Because of the way the art world has developed, anything that could possibly be hung on a domestic wall has come to be considered, at best, middlebrow. Ambitious young artists can be observed doing everything to avoid this description. Their work is very large, conceptual, in video or in other forms that preclude the pin and hook or picture rail display. Their work can be very expensive, suggesting that they hope to be bought by a public gallery or a rich collector. In this they are likely to be disappointed. Both the galleries and the seriously affluent are autograph collectors. Somehow the artist has to achieve sufficient publicity first to justify the signature.
I had these thoughts when viewing a work in Edinburgh Printmakers winter exhibition, No Fixed Abode. The show is the result of collaboration between the artists and the Big Issue editor and sellers. The work in question is Mark Doyle’s piece consisting of four hot water bottles cast in concrete. To my mind this is by far the best exhibit. It is entitled Home is where the Hot Water is, and certainly makes you think of the miseries of homelessness when you are having your routine hot shower each morning, and even if you are skimping on the central heating, you can look forward to a warm bed. The exhibition on the whole is rather thin and it must have pleased the organisers to have one exhibit which so neatly and ingeniously encapsulates the theme.
The work is modestly priced at £250, but with its wit and form it keeps on the right side of the dreaded middlebrow, bourgeois division. While not technically a print, it is a multiple and if Doyle sold out his edition of ten, after he had paid commission and VAT, he might be able to live for a month on the proceeds without involving the filthy- rich, bonus-bloated bankers and the like, who young artists tending to be on the left are apt to dislike. But he is probably unlikely to do so because of the domestic hanging problem, not insoluble for this work but which would require some work on the average plaster or plasterboard wall.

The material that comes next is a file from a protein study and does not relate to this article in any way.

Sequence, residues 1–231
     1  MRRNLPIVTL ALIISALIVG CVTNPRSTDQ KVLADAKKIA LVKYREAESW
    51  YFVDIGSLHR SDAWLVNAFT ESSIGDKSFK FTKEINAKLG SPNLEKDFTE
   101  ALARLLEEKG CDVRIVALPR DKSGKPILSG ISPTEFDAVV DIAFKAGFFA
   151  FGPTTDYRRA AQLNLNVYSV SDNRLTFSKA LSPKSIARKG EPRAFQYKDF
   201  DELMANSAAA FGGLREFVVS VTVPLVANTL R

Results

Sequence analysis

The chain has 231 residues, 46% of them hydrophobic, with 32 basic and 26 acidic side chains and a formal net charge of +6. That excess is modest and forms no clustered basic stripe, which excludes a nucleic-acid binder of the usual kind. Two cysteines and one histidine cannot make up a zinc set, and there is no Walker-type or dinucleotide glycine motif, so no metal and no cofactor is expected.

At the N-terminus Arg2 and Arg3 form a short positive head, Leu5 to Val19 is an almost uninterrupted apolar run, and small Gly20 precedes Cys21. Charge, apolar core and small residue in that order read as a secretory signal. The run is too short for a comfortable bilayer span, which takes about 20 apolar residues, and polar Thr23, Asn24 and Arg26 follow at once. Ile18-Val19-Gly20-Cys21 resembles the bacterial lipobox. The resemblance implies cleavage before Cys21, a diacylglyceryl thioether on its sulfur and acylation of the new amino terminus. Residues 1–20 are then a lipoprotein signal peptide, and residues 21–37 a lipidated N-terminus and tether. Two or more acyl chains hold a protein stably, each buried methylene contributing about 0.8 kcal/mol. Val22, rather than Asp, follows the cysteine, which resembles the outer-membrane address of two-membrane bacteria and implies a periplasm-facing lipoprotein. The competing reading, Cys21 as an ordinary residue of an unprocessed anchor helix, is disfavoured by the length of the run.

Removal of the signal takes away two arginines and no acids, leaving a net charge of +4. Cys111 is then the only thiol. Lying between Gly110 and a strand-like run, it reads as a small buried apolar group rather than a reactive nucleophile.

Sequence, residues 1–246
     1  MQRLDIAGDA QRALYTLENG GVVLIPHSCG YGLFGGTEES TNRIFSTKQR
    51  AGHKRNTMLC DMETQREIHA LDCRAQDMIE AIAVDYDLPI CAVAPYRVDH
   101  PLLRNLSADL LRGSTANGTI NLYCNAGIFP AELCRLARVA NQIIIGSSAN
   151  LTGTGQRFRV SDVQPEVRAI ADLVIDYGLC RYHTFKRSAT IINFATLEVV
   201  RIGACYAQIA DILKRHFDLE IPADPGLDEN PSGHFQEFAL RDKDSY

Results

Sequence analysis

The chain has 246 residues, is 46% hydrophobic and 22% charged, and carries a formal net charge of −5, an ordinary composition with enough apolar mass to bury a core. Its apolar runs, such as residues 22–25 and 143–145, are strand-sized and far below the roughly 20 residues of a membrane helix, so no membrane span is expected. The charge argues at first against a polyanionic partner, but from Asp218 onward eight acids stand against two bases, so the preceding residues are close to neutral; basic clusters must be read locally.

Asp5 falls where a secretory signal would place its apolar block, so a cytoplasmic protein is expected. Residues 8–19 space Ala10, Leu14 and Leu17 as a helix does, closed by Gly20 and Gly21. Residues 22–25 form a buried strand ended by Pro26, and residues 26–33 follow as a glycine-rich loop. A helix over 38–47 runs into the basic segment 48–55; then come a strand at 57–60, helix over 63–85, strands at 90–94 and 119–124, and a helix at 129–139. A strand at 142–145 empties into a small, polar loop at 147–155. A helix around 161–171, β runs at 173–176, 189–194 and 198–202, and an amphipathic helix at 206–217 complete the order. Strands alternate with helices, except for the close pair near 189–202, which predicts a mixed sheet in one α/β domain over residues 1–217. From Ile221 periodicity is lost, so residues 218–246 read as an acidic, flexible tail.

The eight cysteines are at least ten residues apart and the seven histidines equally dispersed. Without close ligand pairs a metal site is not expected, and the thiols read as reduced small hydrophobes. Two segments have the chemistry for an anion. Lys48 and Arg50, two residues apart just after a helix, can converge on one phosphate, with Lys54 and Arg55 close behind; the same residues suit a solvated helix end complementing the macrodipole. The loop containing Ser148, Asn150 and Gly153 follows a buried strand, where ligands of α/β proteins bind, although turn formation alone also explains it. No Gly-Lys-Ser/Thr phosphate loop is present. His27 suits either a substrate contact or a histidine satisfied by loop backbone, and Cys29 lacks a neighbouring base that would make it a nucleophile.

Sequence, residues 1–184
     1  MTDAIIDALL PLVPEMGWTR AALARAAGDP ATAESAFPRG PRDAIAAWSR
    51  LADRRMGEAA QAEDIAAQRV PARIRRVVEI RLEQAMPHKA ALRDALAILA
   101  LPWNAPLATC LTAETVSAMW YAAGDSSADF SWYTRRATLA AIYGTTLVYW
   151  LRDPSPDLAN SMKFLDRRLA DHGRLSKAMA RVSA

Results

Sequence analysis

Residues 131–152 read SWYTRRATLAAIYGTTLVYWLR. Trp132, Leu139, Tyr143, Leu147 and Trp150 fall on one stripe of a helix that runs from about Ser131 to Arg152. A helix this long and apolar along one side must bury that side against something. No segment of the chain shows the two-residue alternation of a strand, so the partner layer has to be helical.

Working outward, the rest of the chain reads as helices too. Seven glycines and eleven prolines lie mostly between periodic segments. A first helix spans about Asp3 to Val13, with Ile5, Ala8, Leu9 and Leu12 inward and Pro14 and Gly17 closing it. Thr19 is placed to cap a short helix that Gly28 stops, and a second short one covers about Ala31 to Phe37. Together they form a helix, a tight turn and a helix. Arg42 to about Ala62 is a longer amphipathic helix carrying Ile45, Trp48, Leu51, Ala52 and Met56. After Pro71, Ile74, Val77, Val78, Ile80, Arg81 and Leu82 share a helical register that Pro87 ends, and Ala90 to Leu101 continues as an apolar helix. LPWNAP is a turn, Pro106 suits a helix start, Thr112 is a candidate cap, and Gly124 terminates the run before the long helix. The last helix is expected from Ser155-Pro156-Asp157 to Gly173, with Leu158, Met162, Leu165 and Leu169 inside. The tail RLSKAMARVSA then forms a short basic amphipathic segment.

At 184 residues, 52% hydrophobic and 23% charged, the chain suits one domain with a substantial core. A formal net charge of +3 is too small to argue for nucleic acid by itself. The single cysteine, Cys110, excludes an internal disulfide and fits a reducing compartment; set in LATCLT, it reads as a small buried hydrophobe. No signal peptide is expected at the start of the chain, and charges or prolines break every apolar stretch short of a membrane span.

Faced with this situation what can young artists do? Traditional printmaking techniques could be one solution. Depending on content, prints might more easily escape the middlebrow grading than paintings. Doyle, for instance could create a screen-printed version of his work uniting the images with the title, which gives the concept its full impact and run off a large edition. There would be no loss of integrity in doing so. A very good precedent was set by that iconic modernist Marcel Duchamp who made small, more manageable versions of his major works, The Fountain, Large Glass et al, to fit into a box. He made a small number to start with but stated that he was willing to produce more if there was a demand.
Alternatively, young artists could shun any compromise with the domestic wall and go on producing works of wit and inventiveness while drastically increasing prices and size. They might be able to create the sort of publicity that will lead eventually to public galleries buying their work and things might snowball. They will not, most likely, be able to store all the lead up work but need not worry. No doubt some enterprising dealer will spot an opportunity to recreate multiples of destroyed pieces, just as happed with Duchamp’s urinal, which the artist tossed out. Or does history ever quite repeat itself?